While we were living in Independence, Daddy was working in Kansas City at some kind of big metal working place in Kansas City where he met a co-worker who took a shine to him. After a few months, this nice man told Daddy that he and his family owned a conglomerate of about three farms, consisting of a little over 1,200 acres, right smack in the middle of Missouri, and they would like to offer Daddy the position of manager of those farms. A farmer. Well, why not? He had tried everything else, and was good at it!

That summer after school was out, we drove down to High Point, MO, to find the 5-W Farms. Pretty appropriate. There were five of us. Winklers. Well, the farm was kind of "run down" because it had been awhile since anyone had worked it. And the house? Well, when I tell you we brought buckets of soapy water and BROOMS into the house to scrub down all the walls and ceilings before we could even paint and start on any floors, would that give you a pretty good idea of what it was like? But we were back in the country. And we were all together. And living life on a farm with cows, pigs, and a pond right outside the back door where I could fish.....pure heaven!

Now, since we were right on the dividing line between the Eldon and California school districts, we were told by both schools that we could take our pick which one we wanted to go to. We drove to both towns and looked over both schools. Since the Eldon school looked newer and more modern, and the drive was just a tiny bit less carsick-inducing, that's the one we picked. Our little sister was still in elementary school, so she went to High Point Elementary.

My favorite classes my junior year were, bar none, shorthand and typing. I absolutely loved them because both of them involved a lot of the same kind of manual dexterity used to play a musical instrument. I excelled at both, even if I do say so myself. In fact, I passed my shorthand teacher's own shorthand speed and she would work with me individually to groom me to take the tests given to qualify for "certified" speeds. Same with typing. I still have all the little "speed" pins I won from the Gregg Shorthand Company, plus one pin that my teacher bought for me herself for my highest speed achievement. Dorky, I know, but I worked darn hard for those pins, so I'm keeping them.

Little did I know those two skills would be primarily the main skills required for the jobs I have held most of my "career" life. They have served me well.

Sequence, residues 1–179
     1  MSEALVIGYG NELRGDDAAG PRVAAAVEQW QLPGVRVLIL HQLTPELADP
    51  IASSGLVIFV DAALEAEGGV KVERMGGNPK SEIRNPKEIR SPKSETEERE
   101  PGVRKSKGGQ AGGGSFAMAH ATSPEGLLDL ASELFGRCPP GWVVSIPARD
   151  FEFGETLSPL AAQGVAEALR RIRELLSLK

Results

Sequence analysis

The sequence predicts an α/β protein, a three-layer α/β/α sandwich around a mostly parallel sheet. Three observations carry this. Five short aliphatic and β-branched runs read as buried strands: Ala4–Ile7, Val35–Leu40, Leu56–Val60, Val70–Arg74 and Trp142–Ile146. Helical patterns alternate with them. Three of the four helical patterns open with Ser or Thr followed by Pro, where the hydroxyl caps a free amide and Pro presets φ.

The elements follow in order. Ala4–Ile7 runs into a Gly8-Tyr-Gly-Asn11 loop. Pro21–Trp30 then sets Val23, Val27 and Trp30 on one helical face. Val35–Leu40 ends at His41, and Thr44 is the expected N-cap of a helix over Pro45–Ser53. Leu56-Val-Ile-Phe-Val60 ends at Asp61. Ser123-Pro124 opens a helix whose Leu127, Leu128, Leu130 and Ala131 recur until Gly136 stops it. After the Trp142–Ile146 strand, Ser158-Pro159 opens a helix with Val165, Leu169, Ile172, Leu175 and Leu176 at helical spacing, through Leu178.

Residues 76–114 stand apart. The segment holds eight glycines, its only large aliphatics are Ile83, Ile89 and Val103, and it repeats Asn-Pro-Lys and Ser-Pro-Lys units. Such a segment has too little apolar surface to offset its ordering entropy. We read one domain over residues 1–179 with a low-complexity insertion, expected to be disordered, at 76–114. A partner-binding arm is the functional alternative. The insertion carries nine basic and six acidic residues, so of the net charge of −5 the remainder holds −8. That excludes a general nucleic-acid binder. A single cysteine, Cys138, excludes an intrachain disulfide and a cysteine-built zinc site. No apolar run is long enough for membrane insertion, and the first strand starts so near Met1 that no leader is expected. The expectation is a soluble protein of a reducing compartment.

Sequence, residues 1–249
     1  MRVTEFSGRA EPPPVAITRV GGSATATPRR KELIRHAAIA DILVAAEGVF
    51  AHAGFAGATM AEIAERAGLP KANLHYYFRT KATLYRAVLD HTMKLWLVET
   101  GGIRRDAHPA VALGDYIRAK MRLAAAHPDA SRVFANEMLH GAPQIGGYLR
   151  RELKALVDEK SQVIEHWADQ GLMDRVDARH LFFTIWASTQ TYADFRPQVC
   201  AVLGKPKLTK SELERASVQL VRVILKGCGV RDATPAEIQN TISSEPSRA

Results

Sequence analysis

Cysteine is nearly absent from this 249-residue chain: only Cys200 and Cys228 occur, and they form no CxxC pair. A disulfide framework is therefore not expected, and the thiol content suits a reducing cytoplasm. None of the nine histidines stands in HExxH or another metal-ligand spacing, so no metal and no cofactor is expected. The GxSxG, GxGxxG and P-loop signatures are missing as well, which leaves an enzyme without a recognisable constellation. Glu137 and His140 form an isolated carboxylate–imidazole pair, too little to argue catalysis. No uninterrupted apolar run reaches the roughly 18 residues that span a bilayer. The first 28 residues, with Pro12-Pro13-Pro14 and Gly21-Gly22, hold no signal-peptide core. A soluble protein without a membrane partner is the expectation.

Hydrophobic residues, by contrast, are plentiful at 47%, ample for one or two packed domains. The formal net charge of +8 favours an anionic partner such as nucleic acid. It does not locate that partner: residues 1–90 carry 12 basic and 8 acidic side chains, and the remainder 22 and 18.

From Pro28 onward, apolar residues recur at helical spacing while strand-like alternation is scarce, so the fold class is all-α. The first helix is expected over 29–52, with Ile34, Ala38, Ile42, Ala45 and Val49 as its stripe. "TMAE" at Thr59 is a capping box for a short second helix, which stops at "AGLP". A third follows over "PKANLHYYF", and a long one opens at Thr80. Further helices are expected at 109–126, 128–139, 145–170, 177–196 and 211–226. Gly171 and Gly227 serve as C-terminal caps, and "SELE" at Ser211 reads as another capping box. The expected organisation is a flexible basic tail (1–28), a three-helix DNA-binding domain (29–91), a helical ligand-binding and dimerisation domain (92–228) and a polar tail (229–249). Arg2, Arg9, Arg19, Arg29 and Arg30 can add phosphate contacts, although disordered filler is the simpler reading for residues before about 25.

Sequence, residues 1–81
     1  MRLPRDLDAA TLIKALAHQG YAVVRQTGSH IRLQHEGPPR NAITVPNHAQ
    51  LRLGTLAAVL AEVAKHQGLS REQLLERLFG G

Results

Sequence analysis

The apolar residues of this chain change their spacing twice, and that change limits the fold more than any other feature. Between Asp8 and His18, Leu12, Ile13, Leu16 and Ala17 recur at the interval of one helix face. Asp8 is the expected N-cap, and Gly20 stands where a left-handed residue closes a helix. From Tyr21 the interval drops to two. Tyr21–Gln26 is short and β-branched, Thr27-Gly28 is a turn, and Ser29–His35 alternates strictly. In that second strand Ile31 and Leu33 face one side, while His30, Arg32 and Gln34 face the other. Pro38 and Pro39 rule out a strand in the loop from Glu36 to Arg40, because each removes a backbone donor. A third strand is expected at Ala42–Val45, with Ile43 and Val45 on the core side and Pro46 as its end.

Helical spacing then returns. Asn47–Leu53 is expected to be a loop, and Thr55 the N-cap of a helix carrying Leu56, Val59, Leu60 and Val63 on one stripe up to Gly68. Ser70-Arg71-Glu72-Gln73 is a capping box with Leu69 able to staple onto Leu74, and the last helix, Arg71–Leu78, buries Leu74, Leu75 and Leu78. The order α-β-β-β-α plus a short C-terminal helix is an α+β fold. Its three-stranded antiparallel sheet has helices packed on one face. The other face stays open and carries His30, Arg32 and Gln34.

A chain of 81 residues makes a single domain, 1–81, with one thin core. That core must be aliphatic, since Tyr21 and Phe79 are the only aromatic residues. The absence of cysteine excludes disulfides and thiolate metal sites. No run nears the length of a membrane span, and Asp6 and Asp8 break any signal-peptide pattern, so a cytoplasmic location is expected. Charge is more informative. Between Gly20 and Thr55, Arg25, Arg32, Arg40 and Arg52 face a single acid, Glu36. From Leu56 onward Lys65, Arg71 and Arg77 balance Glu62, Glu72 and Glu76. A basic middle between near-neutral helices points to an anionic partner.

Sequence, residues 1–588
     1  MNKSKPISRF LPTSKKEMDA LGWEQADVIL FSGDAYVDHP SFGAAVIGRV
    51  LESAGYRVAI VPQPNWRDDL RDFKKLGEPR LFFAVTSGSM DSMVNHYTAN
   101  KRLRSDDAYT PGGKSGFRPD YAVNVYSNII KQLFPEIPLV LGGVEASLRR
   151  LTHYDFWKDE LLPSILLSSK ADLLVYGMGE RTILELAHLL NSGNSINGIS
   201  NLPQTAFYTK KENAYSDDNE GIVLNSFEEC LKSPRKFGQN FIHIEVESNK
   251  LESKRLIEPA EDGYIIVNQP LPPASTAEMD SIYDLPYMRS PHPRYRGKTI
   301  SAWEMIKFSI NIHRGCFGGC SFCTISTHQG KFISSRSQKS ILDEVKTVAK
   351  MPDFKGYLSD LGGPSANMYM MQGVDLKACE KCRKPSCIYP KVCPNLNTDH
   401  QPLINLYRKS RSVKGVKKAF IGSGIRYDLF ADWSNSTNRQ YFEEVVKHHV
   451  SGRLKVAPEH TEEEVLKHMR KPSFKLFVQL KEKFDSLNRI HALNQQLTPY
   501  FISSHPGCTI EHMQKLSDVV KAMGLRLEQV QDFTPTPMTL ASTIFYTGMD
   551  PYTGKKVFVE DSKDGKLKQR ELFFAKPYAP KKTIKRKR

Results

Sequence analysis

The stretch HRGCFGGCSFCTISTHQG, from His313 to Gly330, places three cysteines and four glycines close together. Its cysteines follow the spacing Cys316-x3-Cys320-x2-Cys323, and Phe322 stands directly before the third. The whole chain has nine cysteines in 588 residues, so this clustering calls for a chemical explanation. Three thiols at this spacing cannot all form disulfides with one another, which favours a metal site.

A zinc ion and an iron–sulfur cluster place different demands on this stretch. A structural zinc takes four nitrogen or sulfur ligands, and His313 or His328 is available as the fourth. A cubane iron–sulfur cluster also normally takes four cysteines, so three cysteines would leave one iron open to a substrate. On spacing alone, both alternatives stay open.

But more move! No, not a change of schools. But we left the farm and moved closer to Eldon, so my brother and I remained at Eldon High School, and our little sister changed to Eldon Elementary School. So I got to go TWO WHOLE YEARS at one school, and good old Eldon High School is where I got my diploma. And at graduation, I also got a pleasant surprise. With all that moving around, it never occurred to me to track anything like a G.P.A., but the last week of school, the counselor called me into his office....which was a short trip, actually, because I ended up working in his office as a secretary part-time at the recommendation of my typing and shorthand teacher. He told me that I would be graduating in the Top Ten of the class. Number seven, to be precise. I was flabbergasted.

Senior Banquet Date....
My (younger) Uncle
Yeah, I was wild.

So there you have it. My whole School Daze career. For a quick recap:
  1. First Grade - West Plains, MO
  2. Second Grade (1st part) - Columbia, MO
  3. Second Grade (2nd part) - Alton, MO
  4. Third, Fourth, half of Fifth Grade - Plato, MO
  5. Fifth Grade (2nd part) - Back to Alton, MO
  6. Sixth Grade (1st part) - Couch, MO
  7. Sixth Grade (2nd part) - Cloverdale, CA
  8. Seventh Grade - Cotter, AR
  9. Eighth, Ninth, half of Tenth Grade - Mtn. Home, AR
  10. Tenth Grade (2nd part) - Independence, MO
  11. AND NOW, YOU'RE HERE....Eleventh and Twelfth Grades - Eldon, MO
Yup, that's eleven schools in twelve years. Whew!

But I do get lots of class reunion invitations! And I have a lot of great classmates.